Prolonged bracing treatment after OVCF is controversial. A brace is routinely used for stability after spinal fractures and surgeries. However, there is no strong evidence of the superiority of the brace after PKP; muscular atrophy was also suspected to be related to prolonged bracing. A randomized controlled trial reported that compared with the control condition, wearing a brace did not significantly help OVCF patients in terms of improving the Oswestry Disability Index scores or back pain [24]. Inversely, the drawbacks of bracing must be taken seriously. Reinforcing the trunk passively may lower the range of flexion and extension, subsequently leading to a reduction in paraspinal muscle strength [25, 26]. Ultrasound measurements showed that the lumbar muscles were atrophied after 8-week lumbar belt immobilization [27]. All patients in the current study were advised to use the TLSO for 3 months postoperatively. However, the specific processes, including duration and occasion, could not be recorded quantitatively. Based on the results, paraspinal muscle degeneration was seen in both groups, with the refractured group showing more significant deterioration overall than the non-refractured group. Disuse of paraspinal muscles was widespread in osteoporotic elderly patients, and we assumed that prolonged bracing and bed rest may be the components of vertebral refractures; however, no direct evidence of this has been presented yet.

According to the concept of the muscle-bone unit, appropriate loading forces of muscle could stimulate the formation of bone [20]. Conversely, lower BMD was also correlated with atrophic skeletal muscle [8, 20, 23]. To our knowledge, long-term low BMD was believed to be a prominent factor for OVCFs, and the preoperative BMD in the present study indicated a poor condition (Table 1). A BMI < 22 kg/m2 was mentioned in a previous study as a strong factor for predicting postoperative refractures [28]. A low BMI amplified the stress transferred to the adjacent vertebral bodies, which increased the possibility of new OVCFs [29]. Both groups showed similar BMIs and thus provided a comparable baseline; further multivariate analyses of BMD and BMI are required.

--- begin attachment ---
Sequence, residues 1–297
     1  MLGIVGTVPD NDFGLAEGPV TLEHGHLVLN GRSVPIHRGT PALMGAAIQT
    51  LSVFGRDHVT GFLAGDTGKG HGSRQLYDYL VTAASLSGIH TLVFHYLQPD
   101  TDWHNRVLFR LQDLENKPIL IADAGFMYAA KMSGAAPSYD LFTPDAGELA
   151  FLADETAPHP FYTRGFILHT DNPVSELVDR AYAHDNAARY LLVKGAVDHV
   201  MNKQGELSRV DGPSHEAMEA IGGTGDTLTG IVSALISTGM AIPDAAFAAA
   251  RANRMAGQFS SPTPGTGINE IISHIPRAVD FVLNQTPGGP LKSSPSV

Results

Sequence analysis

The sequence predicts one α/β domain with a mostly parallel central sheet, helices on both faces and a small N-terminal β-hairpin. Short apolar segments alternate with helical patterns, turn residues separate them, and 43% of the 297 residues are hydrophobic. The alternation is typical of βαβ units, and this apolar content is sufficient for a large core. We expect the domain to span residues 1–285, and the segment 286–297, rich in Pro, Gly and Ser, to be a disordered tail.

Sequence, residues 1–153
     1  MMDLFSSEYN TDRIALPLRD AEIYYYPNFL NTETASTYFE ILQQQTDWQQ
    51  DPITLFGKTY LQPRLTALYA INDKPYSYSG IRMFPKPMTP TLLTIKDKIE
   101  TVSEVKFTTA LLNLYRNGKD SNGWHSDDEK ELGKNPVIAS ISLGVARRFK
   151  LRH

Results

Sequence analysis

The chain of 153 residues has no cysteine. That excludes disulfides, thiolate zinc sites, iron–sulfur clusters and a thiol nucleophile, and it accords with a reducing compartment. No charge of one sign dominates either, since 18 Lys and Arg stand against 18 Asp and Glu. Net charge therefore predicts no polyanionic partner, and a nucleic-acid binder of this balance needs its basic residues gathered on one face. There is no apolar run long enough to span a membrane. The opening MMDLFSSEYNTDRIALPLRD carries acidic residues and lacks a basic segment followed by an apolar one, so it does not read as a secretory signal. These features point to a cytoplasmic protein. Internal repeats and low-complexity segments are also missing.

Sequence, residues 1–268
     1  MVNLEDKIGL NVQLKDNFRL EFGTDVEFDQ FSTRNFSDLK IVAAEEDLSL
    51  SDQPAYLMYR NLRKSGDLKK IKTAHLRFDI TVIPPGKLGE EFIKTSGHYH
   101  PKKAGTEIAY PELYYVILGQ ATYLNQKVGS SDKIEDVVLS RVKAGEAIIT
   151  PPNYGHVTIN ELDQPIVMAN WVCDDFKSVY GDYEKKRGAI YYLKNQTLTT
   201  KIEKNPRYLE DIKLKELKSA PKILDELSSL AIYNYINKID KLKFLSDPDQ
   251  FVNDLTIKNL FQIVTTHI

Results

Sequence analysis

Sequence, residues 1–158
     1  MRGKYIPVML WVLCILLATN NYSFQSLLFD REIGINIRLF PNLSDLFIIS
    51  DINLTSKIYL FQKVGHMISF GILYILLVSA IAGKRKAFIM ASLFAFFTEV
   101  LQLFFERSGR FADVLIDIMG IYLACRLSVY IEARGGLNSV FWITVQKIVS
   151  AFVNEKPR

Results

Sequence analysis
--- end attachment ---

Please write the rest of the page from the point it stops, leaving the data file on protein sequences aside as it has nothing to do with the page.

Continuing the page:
Medical injuries of the paraspinal muscles have to be considered. The PKP technique uses trocars, and it is believed to be minimally invasive compared with the open approach. However, damage to the paraspinal muscle is inescapable. In addition, procedures were more difficult to perform in cases of severe degeneration, and repeated adjustment of the needles was related to more damage to the muscles and branch nerves. The unilateral approach causes less muscular injury than bilateral injections, but there is no study on muscular evaluation. It seemed unavoidable that the ROI-SI increases with fat and edema when using T2-weighted images. However, OVCFs in elderly patients were mostly caused by moderate trauma, and patients with obvious muscle edema and inflammation were excluded, which make the results more tenable.